Categories: vaccinations

Feline vaccine overdose and pancreatitis

Is there a connection between feline vaccine overdose and pancreatitis? I’m told by veterinary experts that more than 90% of all pancreatitis cases in the cat have no identifiable cause.

In other words, veterinarians do not know what causes feline pancreatitis. That would seem to be a sorry state of affairs and one which should be rectified. There are a number of mysterious cat illnesses. I mean we don’t know what causes them. This got me thinking.

There is a lot of discussion about vaccinations and the risk and rewards that they bring. I researched the issue as to whether feline vaccine overdose could cause pancreatitis. I discovered that, unsurprisingly, veterinarians have conflicting ideas on the subject.

Dr Marcia’s blog usefully refers to studies conducted on humans which indicate a possible connection between vaccines and pancreatitis in dogs (and cats, I would presume). She makes the point that the pathology is very similar in cats, dogs and humans in terms of this subject.

Dr Marcia says that we used to blame high fat foods for pancreatitis in pets. She also says that there is an alarming increase in pancreatitis in cats and dogs. This occurs even when the pet is on a low-fat prescription diet.

Dr Marcia suggests, in her blog, that a common denominator is “recent or repeated vaccination”.

She states that in human research studies, “histamine release triggered during vaccination causes damage to the pancreas”. She states that she has not seen pancreatitis in a dog who has been “minimally vaccinated”.

She is not saying that there is a certain connection between cat and dog pancreatitis and over-vaccinating. She simply suggesting that there may be a connection and it should be looked into.

The comments to her online article are interesting because another veterinarian – a well-known veterinarian with an internet presence, Dr Paul Jaffe DVM – argues that what Dr Marcia is stating in her blog is dangerous because it undermines pet vaccination as a means of preventing disease.

Dr Jaffe gently criticises Dr Marcia for not presenting evidence-based medical arguments. He criticises her for going along with a gut feeling rather than being more scientific.

You can read Dr Marcia’s blog by clicking on this link. The discussion between two veterinarians is interesting. And I don’t think Dr Marcia is being anything other than genuinely concerned for animal welfare. It does show that more work needs to be done on the causes of feline pancreatitis.

In addition to the possible link between over-vaccinating and feline pancreatitis, it is argued that a high carb kibble diet may play a role in pancreatitis in cats and dogs.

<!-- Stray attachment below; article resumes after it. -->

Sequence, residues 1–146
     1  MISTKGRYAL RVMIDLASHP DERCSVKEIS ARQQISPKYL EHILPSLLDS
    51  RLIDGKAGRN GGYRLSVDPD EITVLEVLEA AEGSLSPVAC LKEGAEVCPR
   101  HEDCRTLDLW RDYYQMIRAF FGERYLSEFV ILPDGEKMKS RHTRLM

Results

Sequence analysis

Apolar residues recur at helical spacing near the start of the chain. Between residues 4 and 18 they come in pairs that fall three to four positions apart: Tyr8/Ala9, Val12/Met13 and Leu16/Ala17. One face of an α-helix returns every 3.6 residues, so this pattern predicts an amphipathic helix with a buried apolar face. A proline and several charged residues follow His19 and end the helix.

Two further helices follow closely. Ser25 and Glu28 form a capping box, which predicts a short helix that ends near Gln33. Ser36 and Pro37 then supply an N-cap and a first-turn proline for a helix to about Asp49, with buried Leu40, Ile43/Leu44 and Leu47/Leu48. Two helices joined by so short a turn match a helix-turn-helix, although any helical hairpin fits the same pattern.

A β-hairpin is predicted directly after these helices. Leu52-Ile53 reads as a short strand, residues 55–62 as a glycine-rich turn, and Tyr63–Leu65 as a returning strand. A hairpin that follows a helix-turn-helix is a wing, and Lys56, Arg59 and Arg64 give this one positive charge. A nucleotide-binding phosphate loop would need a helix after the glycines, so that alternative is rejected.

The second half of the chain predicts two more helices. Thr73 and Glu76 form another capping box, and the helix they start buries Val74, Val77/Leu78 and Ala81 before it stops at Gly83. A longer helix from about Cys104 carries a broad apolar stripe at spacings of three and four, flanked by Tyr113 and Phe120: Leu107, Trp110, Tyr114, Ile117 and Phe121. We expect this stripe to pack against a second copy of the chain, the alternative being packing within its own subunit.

Is there a pet health problem with pet owners stopping all vaccines because they are reading information on the internet which puts them off vaccinating their cats and dogs?

The truth of the matter is that more work is required on vaccinations and on their benefits and detriments but also we need to remind ourselves that vaccinations are about risk and reward. They do prevent illness but they also carry a risk of creating an illness themselves.

The general consensus is obvious: that vaccinations provide an overall benefit to feline and canine health otherwise they wouldn’t exist. But I have a hunch that over-vaccinating could be one of the unrecognized causes of a number of feline illnesses including feline pancreatitis.

Feline Pancreatitis: A frustrating disease – for both cats and their guardians

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Michael Broad

Hi, I'm a 71-year-old retired solicitor (attorney in the US). Before qualifying I worked in many jobs including professional photography. I have a girlfriend, Michelle. I love nature, cats and all animals. I am concerned about their welfare.

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  • My cat had shots done 9 days ago. She was fine before that, but stopped eating and drinking a few days after. She was also very lethargic all of a sudden. After bringing her back to the vet, turns out she has pancreatitis. I find that odd and I find this article very interesting. It seems there is something to this.

    • Thank you Tania for sharing your story. It is certainly interesting. Unfortunately, I am not a veterinarian and therefore can't really add much more than what I have said in the article. It may be tricky but you might discuss the issue with your veterinarian. In fact I think you really must discuss it with your veterinarian. After all, pancreatitis is an illness which should not be taken lightly. I wish you and your cat the very best of luck and if you have the time I should be pleased if you would write a follow-up comment to tell me how you and your cat got along after your discussion with your veterinarian.

  • It's hard to know. Cats were treated like dogs in veterinary medicine for decades. Sometimes you get better answers by moving to human medicine and adverse reactions that are more likely to be reported.

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